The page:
Robalo R180: Small Center Console, Big Attitude

The R180 may be the smallest model in the Robalo fleet, but it has the huge heart of a serious fishing boat.

14th September 2012.
By Lenny Rudow

The Robalo Boats R180 is a new model that follows an old Robalo formula: built a stout, heavy boat for the LOA, give it lots of deadrise, and make every component tough. Net result? An 18-footer than rides and feels like a significantly larger boat.

robalo boats center console 18

The R180 offer big capability in a small package – and at a reasonable price.

The R180 tips the scales at an eyebrow-raising 2,600-lbs. That’s a whopping 500 to 1,000 lbs. more than most competing 18 foot boats, and all that mass gives this boat a unique ability to bully waves out of its way. Part of all that heft comes from Robalo’s overbuild-it construction techniques, which include a hand-laid hull, molded fiberglass stringers, and welded stainless-steel rails. But the stocky feel is matched by a stocky design, with high gunwales and a tall bow that will provide a feeling of safety, especially when kids are aboard. The down-side to those tall sides and beefy construction? More windage, a heavier tow, and less speed and fuel economy than lighter, shorter boats with less weight. For those of us who prefer a rock-solid feeling underfoot, it seems like the tradeoff is more than worth it.

Robalo 180 specificationsPricing is another high point for this model. With a trailer and 115 Yamaha four-stroke, the R180 features a “no haggle” price tag of $26,220. And that’s well-equipped, with a 15-gallon livewell, an anodized aluminum leaning post, hydraulic steering, vertical rodracks for six rigs, four gunwale-mounted rodholders, and coaming bolsters. Need help convincing other family members that this is a good buy? Remind Mom or anyone else that this is one of the smallest, least expensive boat-motor-trailer packages around that comes with a center console head compartment. I was shocked at how easy it was to enter the head—in most boats this small, even a skinny guy like me has to contort a bit to enter the console—but in this case the entire front of the console swings open.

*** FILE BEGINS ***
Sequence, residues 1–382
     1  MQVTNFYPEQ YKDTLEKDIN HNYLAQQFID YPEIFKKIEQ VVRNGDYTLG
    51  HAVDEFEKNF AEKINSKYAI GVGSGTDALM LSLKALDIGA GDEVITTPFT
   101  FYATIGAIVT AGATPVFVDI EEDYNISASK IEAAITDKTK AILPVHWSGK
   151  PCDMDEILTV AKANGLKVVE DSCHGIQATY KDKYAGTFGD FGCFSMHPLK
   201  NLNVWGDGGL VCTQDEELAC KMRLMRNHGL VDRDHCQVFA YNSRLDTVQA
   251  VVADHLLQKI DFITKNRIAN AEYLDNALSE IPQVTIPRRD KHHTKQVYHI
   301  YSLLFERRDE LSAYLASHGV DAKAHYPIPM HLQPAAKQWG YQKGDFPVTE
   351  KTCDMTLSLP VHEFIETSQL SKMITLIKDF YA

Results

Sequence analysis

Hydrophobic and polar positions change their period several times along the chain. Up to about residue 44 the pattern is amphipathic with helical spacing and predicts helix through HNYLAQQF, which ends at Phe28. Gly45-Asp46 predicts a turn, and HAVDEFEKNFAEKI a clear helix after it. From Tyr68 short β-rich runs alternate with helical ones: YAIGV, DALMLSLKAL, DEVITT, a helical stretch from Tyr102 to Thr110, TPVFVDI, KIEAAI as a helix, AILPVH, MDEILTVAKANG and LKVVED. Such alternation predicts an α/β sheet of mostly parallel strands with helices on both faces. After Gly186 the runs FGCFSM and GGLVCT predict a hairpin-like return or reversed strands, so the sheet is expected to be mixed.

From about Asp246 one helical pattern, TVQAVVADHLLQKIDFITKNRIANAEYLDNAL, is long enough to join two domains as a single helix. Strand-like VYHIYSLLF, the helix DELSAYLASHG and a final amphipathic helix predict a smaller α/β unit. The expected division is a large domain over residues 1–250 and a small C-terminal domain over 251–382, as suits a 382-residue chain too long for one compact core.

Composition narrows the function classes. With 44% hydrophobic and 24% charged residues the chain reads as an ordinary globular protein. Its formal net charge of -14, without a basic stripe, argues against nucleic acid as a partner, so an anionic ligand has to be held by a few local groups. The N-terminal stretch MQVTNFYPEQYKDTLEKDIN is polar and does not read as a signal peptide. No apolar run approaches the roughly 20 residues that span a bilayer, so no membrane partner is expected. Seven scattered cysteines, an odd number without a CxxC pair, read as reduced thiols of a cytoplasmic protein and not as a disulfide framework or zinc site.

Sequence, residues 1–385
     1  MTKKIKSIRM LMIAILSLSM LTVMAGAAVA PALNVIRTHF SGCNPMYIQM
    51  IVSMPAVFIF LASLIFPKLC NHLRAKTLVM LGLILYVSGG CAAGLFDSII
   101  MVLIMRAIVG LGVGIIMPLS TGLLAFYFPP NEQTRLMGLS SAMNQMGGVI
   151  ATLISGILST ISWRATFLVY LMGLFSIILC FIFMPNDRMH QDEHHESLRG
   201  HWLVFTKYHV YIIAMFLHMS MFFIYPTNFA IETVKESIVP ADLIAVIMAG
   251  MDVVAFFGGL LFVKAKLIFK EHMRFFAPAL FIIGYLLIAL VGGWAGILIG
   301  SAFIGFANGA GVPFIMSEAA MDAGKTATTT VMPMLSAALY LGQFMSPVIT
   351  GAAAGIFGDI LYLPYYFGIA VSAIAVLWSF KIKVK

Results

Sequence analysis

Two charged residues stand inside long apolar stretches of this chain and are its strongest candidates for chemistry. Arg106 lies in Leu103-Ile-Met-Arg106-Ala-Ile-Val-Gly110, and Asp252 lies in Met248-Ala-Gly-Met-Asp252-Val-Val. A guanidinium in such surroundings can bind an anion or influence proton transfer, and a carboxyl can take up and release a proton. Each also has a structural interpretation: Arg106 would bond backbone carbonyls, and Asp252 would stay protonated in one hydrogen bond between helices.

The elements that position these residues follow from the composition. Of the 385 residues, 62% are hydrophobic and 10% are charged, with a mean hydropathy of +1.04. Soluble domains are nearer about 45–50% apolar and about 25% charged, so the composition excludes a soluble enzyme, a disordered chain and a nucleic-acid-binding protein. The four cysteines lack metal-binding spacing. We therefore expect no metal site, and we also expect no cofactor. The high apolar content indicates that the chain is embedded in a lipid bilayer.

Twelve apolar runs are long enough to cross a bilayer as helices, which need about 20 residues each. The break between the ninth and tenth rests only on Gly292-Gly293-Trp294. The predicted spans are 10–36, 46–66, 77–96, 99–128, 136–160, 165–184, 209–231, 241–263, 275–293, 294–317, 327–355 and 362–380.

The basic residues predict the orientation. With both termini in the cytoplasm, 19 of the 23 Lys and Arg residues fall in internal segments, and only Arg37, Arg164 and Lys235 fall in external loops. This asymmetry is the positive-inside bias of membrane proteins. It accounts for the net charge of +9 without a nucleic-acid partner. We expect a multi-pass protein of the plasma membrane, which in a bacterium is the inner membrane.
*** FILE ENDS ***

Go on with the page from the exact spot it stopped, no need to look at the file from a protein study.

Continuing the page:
The bottom line? This is one of the biggest 18-footers on the water. And while it might be a new model, Robalo’s heavy-duty attitude comes through in spades. Short, stocky, rugged spades.

For more information, visit Robalo Boats.

-Lenny Rudow


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About the author:

Lenny Rudow

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Lenny Rudow is Senior Editor for Dominion Marine Media, including Boats.com and Yachtworld.com. With over two decades of experience in marine journalism, he has contributed to publications including Boating Magazine, Marlin Magazine, Boating World, Saltwater Sportsman, Texas Fish & Game, and many others. Lenny is a graduate of the Westlawn School of Yacht Design who has won 28 BWI and OWAA writing awards.
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